Authors: Gaofetoge Lenetha, Malerato Moloi, Ntsoaki Malebo, Keywords: Food hygiene, foodborne illnesses, food safety, street foods. DOI:10.5281/zenodo.3593108 Abstract: Microbial contamination of ready-to-eat foods and beverages sold by street vendors has become an important public health issue. In developing countries including South Africa, health risks related to such kinds of foods are thought to be common. Thus, this study assessed knowledge, attitude and practices of street food vendors. Street vendors in the city of Mangaung Metro were investigated in order to assess their knowledge, attitudes and handling practices. A semi-structured questionnaire and checklist were used in interviews to determine the status of the vending sites and associa. ted food-handling practices. Data was collected by means of a face-to-face interview. The majority of respondents were black females. Hundred percent (100%) of the participants did not have any food safety training. However, street vendors showed a positive attitude towards food safety. Despite the positive attitude, vendors showed some non-compliance when it comes to handling food. During the survey, it was also observed that the vending stalls lack basic infrastructures like toilets and potable water that is currently a major problem. This study indicates a need for improvements in the environmental conditions at these sites to prevent foodborne diseases. Moreover, based on the results observed food safety and food hygiene training or workshops for street vendors are highly recommended.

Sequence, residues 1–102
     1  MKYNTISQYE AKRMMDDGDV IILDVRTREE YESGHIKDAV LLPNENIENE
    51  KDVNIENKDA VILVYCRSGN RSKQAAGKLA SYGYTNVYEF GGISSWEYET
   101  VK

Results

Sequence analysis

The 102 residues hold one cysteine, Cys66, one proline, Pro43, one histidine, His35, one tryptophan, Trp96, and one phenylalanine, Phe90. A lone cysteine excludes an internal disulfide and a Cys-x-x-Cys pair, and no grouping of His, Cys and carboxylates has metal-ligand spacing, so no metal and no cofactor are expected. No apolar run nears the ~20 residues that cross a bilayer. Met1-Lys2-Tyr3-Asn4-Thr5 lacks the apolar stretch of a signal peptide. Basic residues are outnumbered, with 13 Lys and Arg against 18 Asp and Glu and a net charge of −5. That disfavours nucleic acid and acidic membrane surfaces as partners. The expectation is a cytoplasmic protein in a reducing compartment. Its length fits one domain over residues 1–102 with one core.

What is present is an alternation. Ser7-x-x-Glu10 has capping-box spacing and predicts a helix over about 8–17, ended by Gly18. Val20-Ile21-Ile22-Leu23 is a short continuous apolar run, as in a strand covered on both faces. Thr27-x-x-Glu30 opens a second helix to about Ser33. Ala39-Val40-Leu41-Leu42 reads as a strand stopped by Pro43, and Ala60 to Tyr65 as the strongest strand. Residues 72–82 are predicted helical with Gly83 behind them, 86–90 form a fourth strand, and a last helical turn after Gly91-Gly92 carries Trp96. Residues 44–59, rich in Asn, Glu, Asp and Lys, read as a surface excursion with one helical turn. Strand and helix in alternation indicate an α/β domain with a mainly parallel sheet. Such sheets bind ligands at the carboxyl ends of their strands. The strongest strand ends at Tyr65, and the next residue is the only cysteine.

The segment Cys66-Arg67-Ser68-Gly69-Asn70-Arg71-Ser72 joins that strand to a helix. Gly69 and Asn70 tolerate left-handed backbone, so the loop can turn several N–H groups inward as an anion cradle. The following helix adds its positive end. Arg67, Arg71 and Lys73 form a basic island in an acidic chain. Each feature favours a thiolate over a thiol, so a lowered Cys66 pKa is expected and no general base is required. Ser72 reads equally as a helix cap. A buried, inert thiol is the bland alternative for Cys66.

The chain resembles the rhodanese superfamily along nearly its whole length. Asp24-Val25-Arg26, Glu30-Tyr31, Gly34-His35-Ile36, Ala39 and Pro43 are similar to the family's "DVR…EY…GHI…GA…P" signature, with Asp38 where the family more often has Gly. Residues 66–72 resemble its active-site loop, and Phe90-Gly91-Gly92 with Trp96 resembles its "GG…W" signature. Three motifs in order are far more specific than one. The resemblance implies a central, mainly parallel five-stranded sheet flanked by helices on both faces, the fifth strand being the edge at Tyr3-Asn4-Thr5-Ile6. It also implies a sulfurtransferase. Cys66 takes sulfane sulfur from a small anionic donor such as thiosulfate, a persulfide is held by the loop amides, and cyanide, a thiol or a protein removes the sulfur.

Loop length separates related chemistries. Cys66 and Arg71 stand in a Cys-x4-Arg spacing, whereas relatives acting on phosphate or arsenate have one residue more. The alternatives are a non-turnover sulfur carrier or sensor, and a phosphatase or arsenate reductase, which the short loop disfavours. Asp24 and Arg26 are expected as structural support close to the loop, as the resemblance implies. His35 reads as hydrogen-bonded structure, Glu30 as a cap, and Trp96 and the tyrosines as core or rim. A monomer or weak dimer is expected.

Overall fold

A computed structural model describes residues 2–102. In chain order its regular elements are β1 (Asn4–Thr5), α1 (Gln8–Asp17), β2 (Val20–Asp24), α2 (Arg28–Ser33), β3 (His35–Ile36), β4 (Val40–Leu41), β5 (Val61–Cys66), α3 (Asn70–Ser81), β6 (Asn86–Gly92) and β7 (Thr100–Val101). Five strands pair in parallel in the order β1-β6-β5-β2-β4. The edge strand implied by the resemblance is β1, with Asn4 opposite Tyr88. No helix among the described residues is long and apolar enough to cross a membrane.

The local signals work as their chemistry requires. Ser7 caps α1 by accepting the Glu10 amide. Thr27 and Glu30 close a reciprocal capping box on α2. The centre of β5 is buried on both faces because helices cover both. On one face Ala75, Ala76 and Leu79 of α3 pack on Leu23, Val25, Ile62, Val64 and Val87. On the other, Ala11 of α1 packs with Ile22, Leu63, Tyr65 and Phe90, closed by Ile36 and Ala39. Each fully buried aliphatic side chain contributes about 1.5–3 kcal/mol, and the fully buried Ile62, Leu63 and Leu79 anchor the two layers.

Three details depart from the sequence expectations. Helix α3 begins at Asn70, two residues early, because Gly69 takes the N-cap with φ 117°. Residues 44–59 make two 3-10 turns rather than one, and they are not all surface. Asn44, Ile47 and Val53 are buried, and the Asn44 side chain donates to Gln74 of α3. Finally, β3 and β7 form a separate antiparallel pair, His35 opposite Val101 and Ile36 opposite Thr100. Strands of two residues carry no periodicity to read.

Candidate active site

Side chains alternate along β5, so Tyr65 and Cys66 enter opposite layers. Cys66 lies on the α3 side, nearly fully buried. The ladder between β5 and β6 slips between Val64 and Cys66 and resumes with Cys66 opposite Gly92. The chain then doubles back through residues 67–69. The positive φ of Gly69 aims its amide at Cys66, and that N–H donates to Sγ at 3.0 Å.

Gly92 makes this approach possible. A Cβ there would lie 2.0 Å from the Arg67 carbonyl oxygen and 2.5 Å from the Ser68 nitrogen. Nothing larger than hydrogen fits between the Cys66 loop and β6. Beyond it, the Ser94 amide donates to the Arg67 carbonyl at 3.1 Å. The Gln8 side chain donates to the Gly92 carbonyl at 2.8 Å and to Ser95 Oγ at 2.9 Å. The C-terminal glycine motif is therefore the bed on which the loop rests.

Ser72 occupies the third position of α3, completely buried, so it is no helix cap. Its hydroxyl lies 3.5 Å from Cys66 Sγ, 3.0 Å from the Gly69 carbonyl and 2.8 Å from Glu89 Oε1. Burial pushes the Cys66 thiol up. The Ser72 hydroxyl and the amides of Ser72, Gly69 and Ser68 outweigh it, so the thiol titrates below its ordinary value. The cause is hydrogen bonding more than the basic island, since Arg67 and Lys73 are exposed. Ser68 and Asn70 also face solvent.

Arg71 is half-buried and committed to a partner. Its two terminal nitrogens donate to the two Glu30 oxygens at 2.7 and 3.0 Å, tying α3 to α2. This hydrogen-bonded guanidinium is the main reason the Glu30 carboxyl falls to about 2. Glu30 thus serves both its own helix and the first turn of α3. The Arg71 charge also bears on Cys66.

• Microbial Assessment of Dairy Byproducts in Albania as a Basis for Consumer Safety